by Elyse Douglas
Elyse: My best memories from adolescence involve high school. I started off in ninth grade as a tall, gangly “four eyed” kid with braces, painfully shy and insecure. I would half-run, half-walk down the hallway, with my head down, eyes lowered, in the hopes that no one would notice me. I attended a Catholic, co-ed school, staffed primarily by Sisters of Mercy, but there were a few lay teachers. One was my freshman year history teacher, a single young man right out of college. I developed a huge crush on him and learned to type just so I could type up his world history outline. (My typing skills helped me much more in life than learning world history, although I did remember some facts about English kings and queens for a while.)
Things started to turn around when I convinced my parents to let me get contact lenses (which I paid for by having a small paper route – throwing papers onto doorstops from my bicycle every morning). Then the boys started getting taller, my braces came off, and suddenly, in eleventh grade, I was considered desirable! The high point of the year was when I was in a production of Camelot, in the chorus.
How I loved the make-up, the make-believe, and the costumes… and I know I looked stunning as a siren in King Arthur’s Court because one of the Sisters told me that a Father who came to see the show actually singled me out as the prettiest girl in the show. Then the boy who played King Pellinore asked me out on a date. He was a great actor, and finally, finally, I had a boyfriend. We danced close at the junior prom, even in a Catholic high school auditorium, and made out in his father’s car until the wee hours of the morning.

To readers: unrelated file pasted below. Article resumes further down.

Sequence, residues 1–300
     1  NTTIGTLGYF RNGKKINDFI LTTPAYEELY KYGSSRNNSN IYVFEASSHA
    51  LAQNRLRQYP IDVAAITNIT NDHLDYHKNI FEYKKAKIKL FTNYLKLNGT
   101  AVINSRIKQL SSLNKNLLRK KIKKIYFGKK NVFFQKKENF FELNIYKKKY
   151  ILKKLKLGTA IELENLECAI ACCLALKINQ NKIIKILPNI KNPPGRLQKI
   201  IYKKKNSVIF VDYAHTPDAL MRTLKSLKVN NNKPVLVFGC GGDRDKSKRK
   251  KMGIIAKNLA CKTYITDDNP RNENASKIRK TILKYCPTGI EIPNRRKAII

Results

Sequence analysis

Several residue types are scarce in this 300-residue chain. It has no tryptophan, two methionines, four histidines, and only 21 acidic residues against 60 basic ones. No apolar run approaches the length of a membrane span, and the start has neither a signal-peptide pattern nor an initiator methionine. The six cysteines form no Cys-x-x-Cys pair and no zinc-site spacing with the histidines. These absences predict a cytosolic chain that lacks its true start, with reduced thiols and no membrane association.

By senior year, I had learned to play the guitar so I could lead a hootenanny, I was on the student council, I accompanied the Christmas chorus on the piano, I was named valedictorian, and I lost Pellinore. I dated a few other guys, but it took me until the end of senior year to catch another star, one of the best athletes in the school, who took me to the senior reception. More close dancing and lots more necking. Those were great memories.
My worst memories involve my home life. My parents fought continuously. My sister and brother left for college, leaving me alone in the war zone. I developed an ulcer. I wrote furiously in my journal every night; I wrote poems; I walked the beach – and then my parents sold our beach house, and I was devastated. But you know, we all survive adolescence and crazy home lives. And I have to agree with what one of my boyfriends said: My parents must have done something right, because I turned out to be a pretty nice person.
Douglas: My best memories are of baseball summer days under high blue skies, scooping up baseballs off the fat bats of opposing players who were bigger and richer than I. My best memories are also of falling in love every month with a new girl – and then some of the worst memories are of being too shy to ever let them know it. And then there was the pain and confusion of crashing adolescent emotions – as well as utter shock when I realized that adults were nearly as confused as I was. I thought they had figured life out. Seeing that they hadn’t was very discouraging. Very early on, I knew I had a long, rough road ahead of me.